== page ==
Nike is bringing its “A” game to the climate-change debate. After pledging earlier last week to achieve 100 percent renewable energy in company-owned and -operated facilities by 2025, the sportswear juggernaut announced on Friday its collaboration with the Massachusetts Institute of Technology Climate CoLab to seek “revolutionary new ideas” regarding low-impact textiles. “For more than a decade, we’ve worked hard to understand where our greatest impacts lie,” Hannah Jones, Nike’s chief sustainability officer and vice president of its innovation accelerator, said in a statement. “We know materials make up about 60 percent of the environmental impact in a pair of Nike shoes. This knowledge has focused us on the need to bring new low-impact performance materials to scale through innovative solutions.”
CALL FOR INNOVATION
Nike’s disclosures follow the release of an MIT Materials System Laboratory study, which recognized the creation and processing of apparel materials as significant contributors of global greenhouse-gas emissions.
According to research, the leather industry creates more than 2.4 billion meters of hide each year, with a total impact of about 130 million tons of carbon dioxide, or the equivalent of 30 million passenger vehicles.
2013 saw the production of roughly 25 billion kilograms of cotton worldwide, which generated the same volume of greenhouse gases as 51.3 million passenger vehicles.
Meanwhile, polyester production for textiles is expected to double to about 73 million tons by 2030, or as much as 200 Empire State Buildings.
All of these present not just material issues, but opportunities, as well.
“Materials are not simply a bundle of physical properties; materials influence the manner in which a product is fashioned, the form of that product, and, ultimately, its performance while in use,” wrote MIT in the report. “As a result, manipulating materials can revolutionize the nature of commerce, its interaction with the environment, and the character of resource use.”
Still, materials can “change the rules of the game,” MIT noted. And no industry is better situated to shake things up than textiles and apparel.
“Few industries provide a more immediate image of the pervasive impact of materials than those we turn to on a daily basis to clothe us,” the paper added. “The textiles and apparel industry and the materials on which they rely all have important economic, environmental, and social impacts throughout the globe.”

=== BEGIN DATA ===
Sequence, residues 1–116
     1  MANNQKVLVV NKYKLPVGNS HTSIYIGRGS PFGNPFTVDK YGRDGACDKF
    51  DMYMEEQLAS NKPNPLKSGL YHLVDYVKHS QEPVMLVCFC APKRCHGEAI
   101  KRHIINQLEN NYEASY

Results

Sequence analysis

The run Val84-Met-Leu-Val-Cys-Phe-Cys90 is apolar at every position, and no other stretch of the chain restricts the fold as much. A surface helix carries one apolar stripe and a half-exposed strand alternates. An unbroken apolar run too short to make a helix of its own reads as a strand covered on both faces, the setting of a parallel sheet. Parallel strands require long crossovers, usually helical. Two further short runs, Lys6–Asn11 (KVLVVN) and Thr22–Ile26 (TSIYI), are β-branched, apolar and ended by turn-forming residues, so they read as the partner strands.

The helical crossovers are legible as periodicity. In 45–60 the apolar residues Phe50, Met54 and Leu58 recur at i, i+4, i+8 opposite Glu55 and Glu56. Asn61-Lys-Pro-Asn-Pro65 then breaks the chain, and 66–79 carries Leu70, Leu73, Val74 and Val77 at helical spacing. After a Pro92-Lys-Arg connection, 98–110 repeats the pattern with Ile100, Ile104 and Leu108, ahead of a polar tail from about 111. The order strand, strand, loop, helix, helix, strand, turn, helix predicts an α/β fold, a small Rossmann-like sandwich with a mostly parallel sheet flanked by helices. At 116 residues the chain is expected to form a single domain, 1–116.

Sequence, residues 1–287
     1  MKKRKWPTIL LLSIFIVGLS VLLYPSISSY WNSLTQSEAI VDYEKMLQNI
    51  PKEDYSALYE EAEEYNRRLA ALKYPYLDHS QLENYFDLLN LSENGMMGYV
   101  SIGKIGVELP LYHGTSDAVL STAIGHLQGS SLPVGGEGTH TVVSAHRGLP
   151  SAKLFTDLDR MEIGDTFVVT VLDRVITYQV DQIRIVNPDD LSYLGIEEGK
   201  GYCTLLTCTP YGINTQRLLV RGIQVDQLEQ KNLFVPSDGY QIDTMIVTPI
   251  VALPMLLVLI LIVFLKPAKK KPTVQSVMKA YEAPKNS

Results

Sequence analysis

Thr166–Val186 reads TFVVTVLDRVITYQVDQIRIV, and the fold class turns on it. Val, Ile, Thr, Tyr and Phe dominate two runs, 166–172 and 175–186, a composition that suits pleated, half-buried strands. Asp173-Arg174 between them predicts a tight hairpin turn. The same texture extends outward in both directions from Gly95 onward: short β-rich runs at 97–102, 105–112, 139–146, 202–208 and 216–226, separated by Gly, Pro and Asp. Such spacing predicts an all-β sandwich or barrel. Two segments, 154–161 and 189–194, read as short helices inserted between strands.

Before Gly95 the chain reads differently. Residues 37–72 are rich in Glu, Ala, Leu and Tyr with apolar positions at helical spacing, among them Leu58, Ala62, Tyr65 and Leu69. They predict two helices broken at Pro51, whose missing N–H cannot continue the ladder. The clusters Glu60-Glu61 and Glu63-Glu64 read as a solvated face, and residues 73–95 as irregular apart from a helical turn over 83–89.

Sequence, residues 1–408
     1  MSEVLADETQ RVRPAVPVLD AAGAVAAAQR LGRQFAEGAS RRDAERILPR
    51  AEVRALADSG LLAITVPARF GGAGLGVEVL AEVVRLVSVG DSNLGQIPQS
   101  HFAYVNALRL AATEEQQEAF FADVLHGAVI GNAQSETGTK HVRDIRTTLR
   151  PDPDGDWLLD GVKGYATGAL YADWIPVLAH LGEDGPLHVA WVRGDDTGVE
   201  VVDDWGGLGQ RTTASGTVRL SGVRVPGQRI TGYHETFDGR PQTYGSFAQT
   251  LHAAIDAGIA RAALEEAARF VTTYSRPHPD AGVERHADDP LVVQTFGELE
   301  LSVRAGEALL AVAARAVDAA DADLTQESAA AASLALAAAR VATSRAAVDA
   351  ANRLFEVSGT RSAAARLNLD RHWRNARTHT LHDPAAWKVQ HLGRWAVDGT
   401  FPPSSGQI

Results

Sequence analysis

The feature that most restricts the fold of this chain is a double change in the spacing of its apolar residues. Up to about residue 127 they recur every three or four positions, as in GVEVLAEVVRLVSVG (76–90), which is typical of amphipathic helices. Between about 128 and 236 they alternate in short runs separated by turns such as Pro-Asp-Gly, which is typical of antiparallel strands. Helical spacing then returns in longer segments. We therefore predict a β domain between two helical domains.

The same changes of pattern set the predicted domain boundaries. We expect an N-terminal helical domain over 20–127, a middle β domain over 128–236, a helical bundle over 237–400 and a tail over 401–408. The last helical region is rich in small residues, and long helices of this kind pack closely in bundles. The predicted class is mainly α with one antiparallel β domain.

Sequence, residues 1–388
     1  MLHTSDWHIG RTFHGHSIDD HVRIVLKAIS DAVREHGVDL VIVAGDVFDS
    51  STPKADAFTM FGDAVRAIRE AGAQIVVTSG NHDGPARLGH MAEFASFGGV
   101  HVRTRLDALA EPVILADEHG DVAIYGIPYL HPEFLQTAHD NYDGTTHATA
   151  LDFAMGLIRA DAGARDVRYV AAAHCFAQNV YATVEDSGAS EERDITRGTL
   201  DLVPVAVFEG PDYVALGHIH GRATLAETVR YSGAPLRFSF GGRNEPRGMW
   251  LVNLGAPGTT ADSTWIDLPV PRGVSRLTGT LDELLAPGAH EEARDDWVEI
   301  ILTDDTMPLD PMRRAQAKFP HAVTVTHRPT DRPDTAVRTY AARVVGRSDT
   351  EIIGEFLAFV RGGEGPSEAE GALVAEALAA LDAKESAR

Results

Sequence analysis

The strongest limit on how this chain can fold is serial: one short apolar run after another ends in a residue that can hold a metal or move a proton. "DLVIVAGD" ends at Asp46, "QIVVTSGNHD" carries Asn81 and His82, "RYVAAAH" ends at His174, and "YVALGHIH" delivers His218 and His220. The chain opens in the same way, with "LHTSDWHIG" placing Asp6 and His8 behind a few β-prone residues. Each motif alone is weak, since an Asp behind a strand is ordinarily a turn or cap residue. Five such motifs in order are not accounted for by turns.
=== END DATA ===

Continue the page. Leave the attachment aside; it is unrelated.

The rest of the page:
To that end, the MIT Climate CoLab Materials Challenge, which opened for submissions on September 25, wants to ferret out better ways to engage industries, designers, and consumers in “valuing, demanding, and adopting low-impact fabrics and textiles.”
“What if we were to rethink everything from scratch?” the contest asks. “What would radically new materials look like? Are there ways to completely reconfigure our manufacturing processes for zero emissions? What are business models that enable consumers to erase their apparel carbon footprint?”
Proposals, which can take the form of technical solutions, new business models, educational tools, awareness campaigns, or corporate solutions, can be at any stage of development. They just can’t target specific geographic regions or require extensive regulatory intervention.
The winner will receive $10,000 in prize money—in addition to widespread recognition, of course.
“Through this collaboration with Nike, the MIT Climate CoLab can help kick-start the conversation around materials by galvanizing our global community to start to tackle this immense challenge,” said Thomas W. Malone, principal investigator and founder of the MIT Climate CoLab project. “The Climate CoLab is harnessing the power of collective thinking to solve some of the world’s toughest challenges and develop solutions to drive a new shared understanding that, ultimately, can enable transformative change.”